As well as her visionary and theological works, she wrote scientific and medical treatises, songs, and an opera, which her nuns performed. She corresponded with many of the leading figures of her day: four popes, many churchmen, and, on at least one occasion, the Emperor Frederick Barbarossa, when he had yet again interfered in church politics. “I see you like a little boy or some madman living before the Living Eyes,” she wrote, warning him to shape up and stop electing antipopes.

    And, apparently, she continued to have the visions that fueled this wealth of insight and creativity. She had first seen what she called “the Shadow of the Living Light” at age three. “I have seen great wonders since I was a child,” she told Bernard, and she really didn’t know what to make of them. “Most gentle Father, you are secure; in your goodness please answer me, your unworthy servant, for since I was a child I have never felt secure, not for a single hour!”

    She’s been posthumously diagnosed, as other visionaries have, with hystero-epilepsy, with migraine (though she mentioned no head pain to go with her visions), and so on. But such diagnoses do virtually nothing to reach into the experience and mind of this remarkable woman.

    What we know is what she tells Bernard, and us: she has seen visions and received teaching about them; she believes that the teaching regards spiritual readings of the scriptures, but she’s worried that she may be going wrong. “I only know how to read for the simple meaning, not for any textual analysis…. I am taught inwardly, in my soul. Therefore I speak as one in doubt.” She’s something like Saint Paul going to Saint Peter to make sure that his visionary experience of Christ lines up with the concrete historical teachings of Christ. She wants to lay her understanding at the feet of the apostles, to not go haring off after esoterica.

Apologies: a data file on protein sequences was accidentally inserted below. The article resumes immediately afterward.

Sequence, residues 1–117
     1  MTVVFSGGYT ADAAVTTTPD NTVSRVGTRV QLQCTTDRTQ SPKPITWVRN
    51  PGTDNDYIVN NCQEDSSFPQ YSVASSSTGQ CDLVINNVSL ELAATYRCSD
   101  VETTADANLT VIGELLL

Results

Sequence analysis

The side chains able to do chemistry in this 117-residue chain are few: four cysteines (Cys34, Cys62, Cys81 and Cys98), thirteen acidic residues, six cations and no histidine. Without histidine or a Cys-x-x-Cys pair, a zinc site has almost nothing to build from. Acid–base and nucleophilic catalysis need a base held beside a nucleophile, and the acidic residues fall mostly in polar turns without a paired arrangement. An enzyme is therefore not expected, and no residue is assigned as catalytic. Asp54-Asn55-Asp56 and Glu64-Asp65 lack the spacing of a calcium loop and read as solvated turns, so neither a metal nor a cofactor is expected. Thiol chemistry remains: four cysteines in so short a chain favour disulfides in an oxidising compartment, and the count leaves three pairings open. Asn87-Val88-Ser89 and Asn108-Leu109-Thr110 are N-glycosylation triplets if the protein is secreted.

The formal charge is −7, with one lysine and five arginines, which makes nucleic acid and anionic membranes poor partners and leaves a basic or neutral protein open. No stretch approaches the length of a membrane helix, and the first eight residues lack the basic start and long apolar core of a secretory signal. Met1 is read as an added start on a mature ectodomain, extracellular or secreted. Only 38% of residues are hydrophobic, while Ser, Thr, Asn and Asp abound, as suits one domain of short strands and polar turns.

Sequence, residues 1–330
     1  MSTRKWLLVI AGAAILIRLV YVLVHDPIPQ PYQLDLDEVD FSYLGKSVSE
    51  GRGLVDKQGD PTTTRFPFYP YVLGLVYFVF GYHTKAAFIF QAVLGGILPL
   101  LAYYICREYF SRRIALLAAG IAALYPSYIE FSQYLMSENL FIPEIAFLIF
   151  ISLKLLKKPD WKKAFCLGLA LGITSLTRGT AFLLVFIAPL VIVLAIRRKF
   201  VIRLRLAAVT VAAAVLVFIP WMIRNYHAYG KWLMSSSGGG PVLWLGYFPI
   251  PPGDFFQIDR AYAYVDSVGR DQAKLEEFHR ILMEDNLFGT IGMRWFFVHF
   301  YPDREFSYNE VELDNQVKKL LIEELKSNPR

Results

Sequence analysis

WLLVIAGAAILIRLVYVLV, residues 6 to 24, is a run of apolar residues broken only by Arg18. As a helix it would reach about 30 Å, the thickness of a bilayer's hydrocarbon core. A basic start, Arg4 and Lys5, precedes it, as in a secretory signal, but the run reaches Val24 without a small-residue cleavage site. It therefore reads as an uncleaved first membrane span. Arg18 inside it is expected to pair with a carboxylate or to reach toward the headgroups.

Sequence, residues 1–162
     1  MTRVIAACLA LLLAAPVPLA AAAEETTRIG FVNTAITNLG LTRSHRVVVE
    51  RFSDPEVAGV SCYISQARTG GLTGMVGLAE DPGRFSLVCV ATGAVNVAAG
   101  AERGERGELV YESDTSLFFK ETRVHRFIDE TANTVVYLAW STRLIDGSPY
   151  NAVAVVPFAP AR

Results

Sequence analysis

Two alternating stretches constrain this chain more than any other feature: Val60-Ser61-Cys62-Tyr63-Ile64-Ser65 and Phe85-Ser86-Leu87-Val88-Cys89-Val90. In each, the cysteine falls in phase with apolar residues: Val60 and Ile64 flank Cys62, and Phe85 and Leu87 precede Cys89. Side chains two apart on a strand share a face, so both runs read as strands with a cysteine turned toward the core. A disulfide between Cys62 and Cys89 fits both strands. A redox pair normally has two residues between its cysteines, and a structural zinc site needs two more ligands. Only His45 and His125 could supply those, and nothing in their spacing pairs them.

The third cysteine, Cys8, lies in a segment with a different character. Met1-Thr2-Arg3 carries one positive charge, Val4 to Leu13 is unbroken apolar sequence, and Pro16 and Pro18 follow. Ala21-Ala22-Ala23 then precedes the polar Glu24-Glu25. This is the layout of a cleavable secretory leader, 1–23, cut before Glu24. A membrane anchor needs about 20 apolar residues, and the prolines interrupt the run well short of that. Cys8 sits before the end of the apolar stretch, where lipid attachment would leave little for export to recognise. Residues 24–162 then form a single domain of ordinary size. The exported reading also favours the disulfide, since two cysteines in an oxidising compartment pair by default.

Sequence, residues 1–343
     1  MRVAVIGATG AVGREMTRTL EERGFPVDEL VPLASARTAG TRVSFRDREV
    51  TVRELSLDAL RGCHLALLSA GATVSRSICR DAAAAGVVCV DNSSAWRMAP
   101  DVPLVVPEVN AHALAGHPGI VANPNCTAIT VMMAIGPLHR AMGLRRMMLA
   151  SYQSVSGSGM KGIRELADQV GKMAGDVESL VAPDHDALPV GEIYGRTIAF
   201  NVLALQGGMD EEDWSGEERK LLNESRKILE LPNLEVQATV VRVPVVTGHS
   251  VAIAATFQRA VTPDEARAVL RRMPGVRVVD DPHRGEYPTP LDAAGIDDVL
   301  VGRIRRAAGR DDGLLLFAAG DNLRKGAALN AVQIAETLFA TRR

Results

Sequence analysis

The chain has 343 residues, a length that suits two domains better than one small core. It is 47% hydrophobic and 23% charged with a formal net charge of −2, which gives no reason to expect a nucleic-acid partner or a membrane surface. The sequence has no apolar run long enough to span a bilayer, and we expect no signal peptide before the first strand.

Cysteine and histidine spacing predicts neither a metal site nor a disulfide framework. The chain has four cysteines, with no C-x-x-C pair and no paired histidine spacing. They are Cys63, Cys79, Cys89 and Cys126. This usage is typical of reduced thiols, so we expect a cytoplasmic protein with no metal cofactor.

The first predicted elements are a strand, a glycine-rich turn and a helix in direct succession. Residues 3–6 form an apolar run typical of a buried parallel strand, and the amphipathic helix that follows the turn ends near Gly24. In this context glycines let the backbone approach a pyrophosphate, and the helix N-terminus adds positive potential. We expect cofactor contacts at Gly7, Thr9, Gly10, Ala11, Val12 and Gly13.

“The soul humidifies the body so it does not dry out, just like the rain which soaks into the earth.”
    Hildegard of Bingen

    Her entreaty itself gives a flavor of the way reality presented itself to her – or rather the way God presented himself to her, and presented the cosmos as his creation. “I entreat you: by the brightness of the Father, by his wonderful Word, by the sweet humor of compunction, by the Spirit of Truth, by the sacred sound through which all creation resounds, by the Word from which all the world was created, by the height of the Father who through the sweet power of green vigor sent the Word to the Virgin’s womb where it took on flesh like honey in the honeycomb!”

    She was captivated by this sense of the living reality of God’s life imbuing all of the cosmos – and the microcosm of the human body – with the “green vigor” of the Spirit. And the strength and insight that these visions gave her enabled her to help build the international body of the church, knitting it together with letters offering political, spiritual, and personal advice, and with poetry and painting and medicine and music and motherly affection.

    A remarkable event marked the last year of Hildegard’s life; it demonstrates her steadfastness in the face of injustice. A nobleman who had been excommunicated died after making his confession to a priest and receiving the sacraments. Hildegard had him buried in the convent cemetery. The prelates of the diocese of Mainz, claiming falsely that there had been some impropriety in the young man’s reconciliation, demanded that his body be exhumed. Hildegard refused. The clergy placed her convent under an interdict, forbidding the nuns to receive the sacraments or to sing the liturgy. Hildegard, as usual, wrote letters, advocating for her nuns and herself, and several months before her death the injunction was lifted.

    Contributed By portrait of Susannah Black Roberts Susannah Black Roberts

    Susannah Black Roberts is a senior editor of Plough.